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How to Quit Your Job, Travel the World, and Eat Well — for Free

For the past three weeks, I’ve been living on a permaculture farm in Bali — for free. To say life is peaceful here is an understatement. I wake up surrounded by lush green plants, do a relaxing round of yoga, and go to work on the farm a few hours after breakfast, where I form crop beds, pull weeds, and cut compost according to regenerative principles.  Then I meditate until dinner. Did I mention I am staying here for free?

I’m here in Bali through World Wide Opportunities on Organic Farms, also known as WWOOF, an organization that connects traveling volunteers with farmers for cultural and educational immersion. It’s my second experience WWOOFing (my first was in Crete), and my time in Bali feels like a combination of living in a monastery and hanging out at summer camp. I can feel the tension and stress of three years in New York City finally start to dissipate. Needless to say, the experience is proving cheaper than therapy… (did I mention I am here for free?)

In exchange for six hours of work every weekday, I get three meals a day and a private room in return. The food is all vegetarian and organic — I eat bok choy, lettuce, spinach, and young papaya straight from the garden. Any mosquito bites or sun burns, I walk three feet from my room and cut a stalk from the abundance of aloe vera.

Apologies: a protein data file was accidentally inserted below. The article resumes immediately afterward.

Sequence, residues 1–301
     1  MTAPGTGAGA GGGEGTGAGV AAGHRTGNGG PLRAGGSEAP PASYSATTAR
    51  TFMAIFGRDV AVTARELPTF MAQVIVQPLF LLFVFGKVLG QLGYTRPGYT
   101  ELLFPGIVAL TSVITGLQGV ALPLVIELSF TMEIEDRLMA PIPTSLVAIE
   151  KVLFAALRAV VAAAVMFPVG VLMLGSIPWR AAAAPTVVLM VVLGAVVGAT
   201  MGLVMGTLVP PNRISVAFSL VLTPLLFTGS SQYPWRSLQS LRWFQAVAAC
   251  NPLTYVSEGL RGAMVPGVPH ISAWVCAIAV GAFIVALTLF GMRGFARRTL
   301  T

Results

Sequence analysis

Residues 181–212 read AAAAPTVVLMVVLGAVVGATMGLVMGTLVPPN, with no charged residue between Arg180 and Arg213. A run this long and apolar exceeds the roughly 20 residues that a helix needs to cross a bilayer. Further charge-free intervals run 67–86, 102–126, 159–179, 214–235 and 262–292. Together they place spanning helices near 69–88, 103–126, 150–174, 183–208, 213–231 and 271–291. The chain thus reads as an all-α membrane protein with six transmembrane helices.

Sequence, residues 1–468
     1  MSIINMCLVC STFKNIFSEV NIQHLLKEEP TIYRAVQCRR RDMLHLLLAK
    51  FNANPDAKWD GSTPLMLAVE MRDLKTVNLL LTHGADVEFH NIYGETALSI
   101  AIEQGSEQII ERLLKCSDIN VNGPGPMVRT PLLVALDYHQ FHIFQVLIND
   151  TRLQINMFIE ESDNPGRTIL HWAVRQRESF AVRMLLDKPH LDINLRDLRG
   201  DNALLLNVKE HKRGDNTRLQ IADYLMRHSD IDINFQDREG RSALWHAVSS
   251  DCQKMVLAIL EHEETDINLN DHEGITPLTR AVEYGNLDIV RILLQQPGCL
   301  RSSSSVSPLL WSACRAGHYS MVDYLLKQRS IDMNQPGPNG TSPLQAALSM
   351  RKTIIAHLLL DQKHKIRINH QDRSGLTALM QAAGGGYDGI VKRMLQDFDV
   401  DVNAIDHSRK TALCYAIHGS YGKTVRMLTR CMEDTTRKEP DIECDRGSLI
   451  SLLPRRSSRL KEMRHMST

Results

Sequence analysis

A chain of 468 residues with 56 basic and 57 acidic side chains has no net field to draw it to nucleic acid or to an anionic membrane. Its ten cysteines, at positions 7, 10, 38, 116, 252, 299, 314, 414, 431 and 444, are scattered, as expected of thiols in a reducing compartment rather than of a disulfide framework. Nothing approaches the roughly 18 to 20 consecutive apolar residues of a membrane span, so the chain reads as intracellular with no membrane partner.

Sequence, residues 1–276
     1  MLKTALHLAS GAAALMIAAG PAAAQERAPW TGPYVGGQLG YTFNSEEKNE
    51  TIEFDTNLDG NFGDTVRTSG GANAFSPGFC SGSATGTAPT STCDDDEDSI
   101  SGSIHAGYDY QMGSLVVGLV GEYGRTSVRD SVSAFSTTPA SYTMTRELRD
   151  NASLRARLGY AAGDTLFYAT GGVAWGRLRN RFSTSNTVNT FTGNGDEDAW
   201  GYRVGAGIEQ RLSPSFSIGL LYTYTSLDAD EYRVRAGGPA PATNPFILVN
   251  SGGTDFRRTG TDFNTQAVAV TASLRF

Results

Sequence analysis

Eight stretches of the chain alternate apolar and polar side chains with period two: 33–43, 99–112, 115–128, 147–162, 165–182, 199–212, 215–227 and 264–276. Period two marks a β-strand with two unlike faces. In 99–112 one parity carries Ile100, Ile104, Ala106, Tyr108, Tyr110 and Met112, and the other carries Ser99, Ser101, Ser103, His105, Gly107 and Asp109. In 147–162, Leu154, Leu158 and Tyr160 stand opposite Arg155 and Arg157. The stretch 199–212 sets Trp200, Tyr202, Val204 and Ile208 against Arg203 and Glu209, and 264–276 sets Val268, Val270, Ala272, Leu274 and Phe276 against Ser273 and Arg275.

If this all sounds too good to be true, it’s not. WWOOF has been operating since 1971 and is now available  in 132 countries. Basically, it’s the best way to travel for those who want to spend very little money and try something a little out-of-the-box. It’s arguably one of the best, and most affordable, ways to see the world.

How does WWOOFING work, anyway? 

Farms looking for volunteers list themselves on WWOOF, and each one will lodge and feed you in exchange for 20-30 hours of work, weekly. If you wanted to (and planned it right), you could farm-hop and travel for months at a time, for just the cost of a plane ticket. And through WWOOF, you are cutting out the cost of food and shelter, which can stretch your funds quite a bit further.

Most countries have their own WWOOF organization, and you often have to pay a membership fee to access and view farm listings. They usually run around $25. This map will show you every country where WWOOF organizations are located. Almost every country is there. Seriously. Like, there are three farms on the Canary Islands alone, just begging you to leave your job for a year. 

To continue reading the article on Thrillist.com, please click here.

By ISMAIL IBRAHIM, Published On 09/06/2019

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